As most of you know, one of the many things that Julie and I have in common is our inclination toward the visual arts.  My degree is in animation, and there was a time Julie studied illustration.  We both keep regular sketchbooks and love to draw.  And, while we both have art websites and/or online portfolios, we were thinking it would be fun to have some kind of joint online project where we could post some of our more current work (and sometimes maybe not so current), even if just for a few interested parties to see, and of course for our own pure joy of creating and sharing art, not to mention motivation to try new things and keep creating, even when we're busy or artistically frustrated.  We decided the easiest way to do this would be to create a blog on which we could both post and contribute.  So, we are very proud to announce the launch of Pen and Pencil*, our brand new space on the interwebs devoted to our art!  It's very much a work-in-progress at the moment, and there will new posts and overall design updates as time goes by, but for now, there's a welcome note, and there's a first joint post.  We will be posting artwork there occasionally, some by me, some by her, and some by us, since we have taken to joining artistic forces lately (a lot of times, I'll do the rough sketch and Julie will take it onto Photoshop and work her magic there, or some variation of that formula).  We're not sure how often we'll post, but we'll have regular updates, so visit often and take a few moments to experience some visual and artistic stimulation.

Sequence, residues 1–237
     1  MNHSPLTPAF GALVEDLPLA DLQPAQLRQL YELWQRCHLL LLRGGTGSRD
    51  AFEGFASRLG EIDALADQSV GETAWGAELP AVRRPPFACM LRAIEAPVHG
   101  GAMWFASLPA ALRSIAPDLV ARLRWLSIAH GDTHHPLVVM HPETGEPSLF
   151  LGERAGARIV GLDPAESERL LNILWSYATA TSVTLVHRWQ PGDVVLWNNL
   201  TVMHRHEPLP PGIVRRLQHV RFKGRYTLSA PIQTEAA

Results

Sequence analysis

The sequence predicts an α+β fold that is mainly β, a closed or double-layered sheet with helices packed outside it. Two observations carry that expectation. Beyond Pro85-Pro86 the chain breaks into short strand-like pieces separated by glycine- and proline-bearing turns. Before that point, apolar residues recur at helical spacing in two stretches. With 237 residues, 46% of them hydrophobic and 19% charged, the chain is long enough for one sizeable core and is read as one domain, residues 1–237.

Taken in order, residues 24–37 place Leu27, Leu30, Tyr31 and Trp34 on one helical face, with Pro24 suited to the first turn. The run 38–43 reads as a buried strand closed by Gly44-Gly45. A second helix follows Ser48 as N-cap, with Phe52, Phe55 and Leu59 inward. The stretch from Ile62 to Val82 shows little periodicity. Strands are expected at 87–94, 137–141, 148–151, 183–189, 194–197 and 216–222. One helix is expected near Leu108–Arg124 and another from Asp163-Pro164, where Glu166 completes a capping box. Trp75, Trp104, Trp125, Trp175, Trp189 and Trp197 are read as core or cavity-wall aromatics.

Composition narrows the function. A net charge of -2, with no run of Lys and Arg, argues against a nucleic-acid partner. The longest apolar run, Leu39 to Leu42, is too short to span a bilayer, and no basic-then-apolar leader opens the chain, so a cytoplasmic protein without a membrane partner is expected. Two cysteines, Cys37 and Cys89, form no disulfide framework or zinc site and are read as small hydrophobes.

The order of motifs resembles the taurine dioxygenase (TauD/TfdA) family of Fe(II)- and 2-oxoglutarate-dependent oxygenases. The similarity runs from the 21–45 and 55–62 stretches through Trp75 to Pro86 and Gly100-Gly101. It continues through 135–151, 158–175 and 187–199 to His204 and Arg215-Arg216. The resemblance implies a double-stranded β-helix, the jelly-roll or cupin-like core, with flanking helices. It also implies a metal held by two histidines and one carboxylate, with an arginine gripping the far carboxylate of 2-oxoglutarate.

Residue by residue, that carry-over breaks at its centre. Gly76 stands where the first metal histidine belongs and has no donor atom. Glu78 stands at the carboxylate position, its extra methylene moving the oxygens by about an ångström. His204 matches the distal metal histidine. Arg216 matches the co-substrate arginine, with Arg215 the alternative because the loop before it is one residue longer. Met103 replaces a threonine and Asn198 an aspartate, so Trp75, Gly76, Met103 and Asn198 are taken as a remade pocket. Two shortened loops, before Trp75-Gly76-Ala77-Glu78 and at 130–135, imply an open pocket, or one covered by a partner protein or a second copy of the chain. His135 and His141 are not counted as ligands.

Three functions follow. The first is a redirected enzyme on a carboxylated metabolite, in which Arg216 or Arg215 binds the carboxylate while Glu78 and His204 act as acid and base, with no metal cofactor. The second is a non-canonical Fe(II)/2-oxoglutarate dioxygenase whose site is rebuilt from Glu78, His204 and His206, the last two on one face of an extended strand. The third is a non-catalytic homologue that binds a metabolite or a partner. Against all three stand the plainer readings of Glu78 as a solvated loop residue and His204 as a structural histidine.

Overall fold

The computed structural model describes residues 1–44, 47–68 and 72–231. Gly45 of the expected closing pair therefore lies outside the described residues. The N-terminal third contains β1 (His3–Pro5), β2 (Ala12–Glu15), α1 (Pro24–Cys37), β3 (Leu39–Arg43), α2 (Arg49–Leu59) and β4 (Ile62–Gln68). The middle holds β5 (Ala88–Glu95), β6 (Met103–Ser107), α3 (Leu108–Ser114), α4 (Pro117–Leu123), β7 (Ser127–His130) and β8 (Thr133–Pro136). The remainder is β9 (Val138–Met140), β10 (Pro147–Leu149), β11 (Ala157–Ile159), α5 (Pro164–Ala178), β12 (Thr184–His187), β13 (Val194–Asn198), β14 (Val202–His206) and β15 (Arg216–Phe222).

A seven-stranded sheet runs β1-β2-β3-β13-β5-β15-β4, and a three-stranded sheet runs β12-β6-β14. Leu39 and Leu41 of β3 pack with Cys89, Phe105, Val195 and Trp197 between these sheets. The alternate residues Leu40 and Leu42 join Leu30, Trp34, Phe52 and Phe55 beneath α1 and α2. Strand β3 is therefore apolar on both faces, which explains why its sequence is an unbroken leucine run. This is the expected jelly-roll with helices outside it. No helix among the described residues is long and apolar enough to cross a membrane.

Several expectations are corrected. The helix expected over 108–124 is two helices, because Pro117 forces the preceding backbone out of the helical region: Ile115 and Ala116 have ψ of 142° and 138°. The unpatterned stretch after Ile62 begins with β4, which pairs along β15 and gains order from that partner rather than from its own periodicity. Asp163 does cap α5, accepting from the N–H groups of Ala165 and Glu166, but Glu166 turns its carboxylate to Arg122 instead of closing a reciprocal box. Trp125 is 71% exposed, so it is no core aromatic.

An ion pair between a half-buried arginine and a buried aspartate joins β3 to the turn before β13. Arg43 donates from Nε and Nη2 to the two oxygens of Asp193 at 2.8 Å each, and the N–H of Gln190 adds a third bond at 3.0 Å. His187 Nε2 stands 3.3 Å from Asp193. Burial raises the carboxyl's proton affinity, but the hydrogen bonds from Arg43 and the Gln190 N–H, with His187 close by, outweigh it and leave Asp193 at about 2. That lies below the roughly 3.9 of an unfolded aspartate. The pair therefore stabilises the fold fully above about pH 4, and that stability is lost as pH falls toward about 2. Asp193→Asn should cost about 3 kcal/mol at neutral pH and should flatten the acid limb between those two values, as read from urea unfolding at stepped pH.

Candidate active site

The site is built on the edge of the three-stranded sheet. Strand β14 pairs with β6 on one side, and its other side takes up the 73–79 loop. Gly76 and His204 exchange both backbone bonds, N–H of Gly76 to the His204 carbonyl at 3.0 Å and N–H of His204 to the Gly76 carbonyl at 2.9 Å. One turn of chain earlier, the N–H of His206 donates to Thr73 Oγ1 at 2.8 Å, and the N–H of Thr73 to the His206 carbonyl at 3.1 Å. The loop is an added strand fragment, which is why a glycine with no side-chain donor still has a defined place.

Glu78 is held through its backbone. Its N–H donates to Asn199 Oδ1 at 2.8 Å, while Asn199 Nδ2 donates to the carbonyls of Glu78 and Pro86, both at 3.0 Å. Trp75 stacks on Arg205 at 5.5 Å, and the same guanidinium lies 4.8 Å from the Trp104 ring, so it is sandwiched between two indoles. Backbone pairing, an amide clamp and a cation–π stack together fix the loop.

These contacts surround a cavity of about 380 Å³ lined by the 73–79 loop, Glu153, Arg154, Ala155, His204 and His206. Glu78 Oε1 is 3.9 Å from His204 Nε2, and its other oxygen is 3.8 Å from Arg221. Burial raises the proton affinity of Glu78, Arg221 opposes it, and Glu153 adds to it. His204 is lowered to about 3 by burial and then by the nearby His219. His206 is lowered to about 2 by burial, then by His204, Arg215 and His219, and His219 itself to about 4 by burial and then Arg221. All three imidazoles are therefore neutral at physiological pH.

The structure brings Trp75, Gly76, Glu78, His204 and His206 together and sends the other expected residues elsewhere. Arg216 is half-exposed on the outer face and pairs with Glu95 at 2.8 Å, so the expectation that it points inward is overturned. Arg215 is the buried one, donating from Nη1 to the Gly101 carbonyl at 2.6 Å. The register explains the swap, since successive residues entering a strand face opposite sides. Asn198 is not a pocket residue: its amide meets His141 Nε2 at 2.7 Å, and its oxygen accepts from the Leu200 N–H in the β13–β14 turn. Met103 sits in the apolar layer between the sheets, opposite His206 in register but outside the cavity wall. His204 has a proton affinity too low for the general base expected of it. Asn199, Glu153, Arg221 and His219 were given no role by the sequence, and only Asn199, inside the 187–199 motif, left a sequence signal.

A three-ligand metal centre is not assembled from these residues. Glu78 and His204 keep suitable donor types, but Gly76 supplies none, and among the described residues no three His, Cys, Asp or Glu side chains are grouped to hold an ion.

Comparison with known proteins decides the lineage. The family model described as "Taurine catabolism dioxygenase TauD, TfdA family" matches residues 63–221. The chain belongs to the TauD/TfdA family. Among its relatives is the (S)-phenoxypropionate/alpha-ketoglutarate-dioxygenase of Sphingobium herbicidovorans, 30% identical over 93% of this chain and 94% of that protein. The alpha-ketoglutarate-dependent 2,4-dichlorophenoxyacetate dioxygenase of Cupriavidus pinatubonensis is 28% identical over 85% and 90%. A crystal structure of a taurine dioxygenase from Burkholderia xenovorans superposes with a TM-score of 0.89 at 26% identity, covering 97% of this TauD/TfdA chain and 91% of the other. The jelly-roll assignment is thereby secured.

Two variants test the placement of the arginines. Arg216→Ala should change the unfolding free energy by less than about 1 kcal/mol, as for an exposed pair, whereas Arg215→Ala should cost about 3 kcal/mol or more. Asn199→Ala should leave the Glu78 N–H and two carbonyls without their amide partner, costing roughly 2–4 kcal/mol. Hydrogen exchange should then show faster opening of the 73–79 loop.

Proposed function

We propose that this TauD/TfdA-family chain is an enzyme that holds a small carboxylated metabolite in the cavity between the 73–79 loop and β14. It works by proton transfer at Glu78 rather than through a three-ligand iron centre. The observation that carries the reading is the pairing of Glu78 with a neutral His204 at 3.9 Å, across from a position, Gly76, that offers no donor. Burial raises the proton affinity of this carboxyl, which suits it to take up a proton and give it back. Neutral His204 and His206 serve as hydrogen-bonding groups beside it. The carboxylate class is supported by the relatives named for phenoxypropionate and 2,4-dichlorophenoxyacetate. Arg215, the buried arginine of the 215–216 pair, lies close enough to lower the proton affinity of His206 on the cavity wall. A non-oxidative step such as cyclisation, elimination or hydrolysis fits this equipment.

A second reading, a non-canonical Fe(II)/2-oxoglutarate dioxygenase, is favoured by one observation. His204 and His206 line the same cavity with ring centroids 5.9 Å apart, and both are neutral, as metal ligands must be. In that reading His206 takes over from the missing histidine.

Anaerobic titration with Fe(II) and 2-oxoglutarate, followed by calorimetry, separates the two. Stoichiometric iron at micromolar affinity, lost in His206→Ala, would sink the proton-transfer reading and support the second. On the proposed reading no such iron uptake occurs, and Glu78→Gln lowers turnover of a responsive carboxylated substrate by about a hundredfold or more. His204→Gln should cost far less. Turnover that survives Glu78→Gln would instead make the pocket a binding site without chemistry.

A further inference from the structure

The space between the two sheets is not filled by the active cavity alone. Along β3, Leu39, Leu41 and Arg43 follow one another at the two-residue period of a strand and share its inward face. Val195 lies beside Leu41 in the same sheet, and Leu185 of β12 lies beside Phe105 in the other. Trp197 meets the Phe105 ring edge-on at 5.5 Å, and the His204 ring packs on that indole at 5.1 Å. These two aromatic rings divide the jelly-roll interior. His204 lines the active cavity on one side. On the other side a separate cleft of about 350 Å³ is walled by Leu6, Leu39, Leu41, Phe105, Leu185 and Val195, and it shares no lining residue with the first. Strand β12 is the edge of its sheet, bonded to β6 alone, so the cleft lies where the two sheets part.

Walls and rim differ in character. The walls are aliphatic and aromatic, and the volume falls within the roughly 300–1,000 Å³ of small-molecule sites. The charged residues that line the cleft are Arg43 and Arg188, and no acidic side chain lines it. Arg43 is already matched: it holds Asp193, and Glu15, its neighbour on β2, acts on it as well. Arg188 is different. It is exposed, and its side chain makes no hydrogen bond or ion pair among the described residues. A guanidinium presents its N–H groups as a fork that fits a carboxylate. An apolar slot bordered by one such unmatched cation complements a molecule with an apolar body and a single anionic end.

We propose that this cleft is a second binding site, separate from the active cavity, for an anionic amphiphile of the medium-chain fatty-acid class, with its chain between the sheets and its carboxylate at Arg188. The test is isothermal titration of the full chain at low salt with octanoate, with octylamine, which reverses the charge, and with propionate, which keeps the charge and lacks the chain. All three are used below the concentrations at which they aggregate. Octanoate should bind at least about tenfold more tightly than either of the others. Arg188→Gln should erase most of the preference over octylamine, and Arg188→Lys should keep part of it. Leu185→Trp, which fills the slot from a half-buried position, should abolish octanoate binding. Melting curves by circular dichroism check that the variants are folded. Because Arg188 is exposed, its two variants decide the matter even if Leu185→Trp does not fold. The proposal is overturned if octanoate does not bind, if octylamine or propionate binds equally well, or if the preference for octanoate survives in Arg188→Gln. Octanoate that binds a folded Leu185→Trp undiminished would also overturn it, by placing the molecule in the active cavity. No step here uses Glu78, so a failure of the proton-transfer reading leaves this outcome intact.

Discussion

If it's your kind of thing, we would be ever so glad if you would follow us, or link to us (we're happy to exchange links with other art blogs or websites we like), and/or add us to your blog Reader/bloglines.  So, visit!  Enjoy!  Comment!  Subscribe and follow!  Tell your friends!  Add us to your Reader!  Return often for updates and original arts by me, her, or us!